Mash Tun Filled!
Mash Tun Filled!

For this brew we had planned for simple IPA using only Cascade for our hops. We decided to brew a “full bodied beer” which meant we’d “mash in” (steeping the grains for you non brewers) at a higher temperature. This would also mean we’d need more grain as well. We had read that it’s best to slowly add the water and grain bit by bit. What we didn’t realize was that you should have a nice layer of water BEFORE you start adding the grain. So, by the end of the mash, all that thick doughy grain at the bottom of the mash tun had made its way under the false bottom and was now preventing any wort (none fermented beer) from draining out of the tun. This is what you call a “stuck mash” and, let me tell ya, it sucked. We’re talking three hours to drain the mash tun kinda suck. Eventually that painfully late night ended with the yeast being pitched and the fermenter being transported down to Jesse’s basement to do its thing. It would be clear sailing from here on out. Right?

Not exactly. I said that we used Jesse’s basement for our fermentation room, but what I forgot to mention was that we were brewing in the middle of a cold January. Unfortunately for us, that part of Jesse’s basement was not known for its heat retention. Needless to say we were freaking out after we racked (transferred) the beer into the secondary. Why was our gravity still so high? Were we going to end up with a 3.5% IPA? Fun fact: if yeast is too cold it’s not going to ferment much of anything. So, after our initial freak out, we moved the carboy to a warmer climate. Luckily things finally kicked into gear and the airlock began bubbling like it should. While we were at it we had also noticed, from our gravity sample, that this beer was seriously lacking in the hop aroma and flavour department. We decided to give dry hopping a try and threw an once into the carboy for good measure. Disaster avoided!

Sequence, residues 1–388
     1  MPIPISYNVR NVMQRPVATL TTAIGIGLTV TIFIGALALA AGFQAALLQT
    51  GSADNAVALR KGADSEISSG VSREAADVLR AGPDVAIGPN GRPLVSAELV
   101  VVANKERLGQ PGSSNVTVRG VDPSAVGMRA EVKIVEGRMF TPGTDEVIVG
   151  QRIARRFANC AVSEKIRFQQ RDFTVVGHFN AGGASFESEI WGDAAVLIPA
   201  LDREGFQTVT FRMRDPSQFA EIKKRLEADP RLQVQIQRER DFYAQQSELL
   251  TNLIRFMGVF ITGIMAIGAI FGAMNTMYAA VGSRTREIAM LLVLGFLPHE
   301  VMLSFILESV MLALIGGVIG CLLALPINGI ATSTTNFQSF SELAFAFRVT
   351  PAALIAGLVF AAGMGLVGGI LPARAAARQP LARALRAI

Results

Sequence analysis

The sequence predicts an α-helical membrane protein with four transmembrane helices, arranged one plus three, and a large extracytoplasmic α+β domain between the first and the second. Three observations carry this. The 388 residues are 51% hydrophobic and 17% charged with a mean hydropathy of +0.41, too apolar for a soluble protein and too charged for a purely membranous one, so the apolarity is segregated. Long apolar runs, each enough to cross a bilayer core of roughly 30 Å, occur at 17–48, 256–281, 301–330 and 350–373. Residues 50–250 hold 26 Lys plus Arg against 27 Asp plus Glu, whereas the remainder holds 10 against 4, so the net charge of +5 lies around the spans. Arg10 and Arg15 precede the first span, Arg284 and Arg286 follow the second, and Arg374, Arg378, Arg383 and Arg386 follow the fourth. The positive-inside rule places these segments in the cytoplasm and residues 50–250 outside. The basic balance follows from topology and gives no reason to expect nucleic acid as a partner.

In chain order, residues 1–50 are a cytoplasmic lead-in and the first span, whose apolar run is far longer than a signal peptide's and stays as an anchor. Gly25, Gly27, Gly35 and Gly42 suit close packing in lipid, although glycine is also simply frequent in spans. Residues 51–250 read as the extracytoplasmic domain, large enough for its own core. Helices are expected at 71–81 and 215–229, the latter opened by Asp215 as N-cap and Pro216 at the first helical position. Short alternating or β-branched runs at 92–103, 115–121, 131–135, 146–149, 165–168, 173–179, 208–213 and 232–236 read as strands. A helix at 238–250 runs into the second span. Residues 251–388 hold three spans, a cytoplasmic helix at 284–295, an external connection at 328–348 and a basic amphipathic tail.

You can dry out the grain to use for making bread and other great snacks.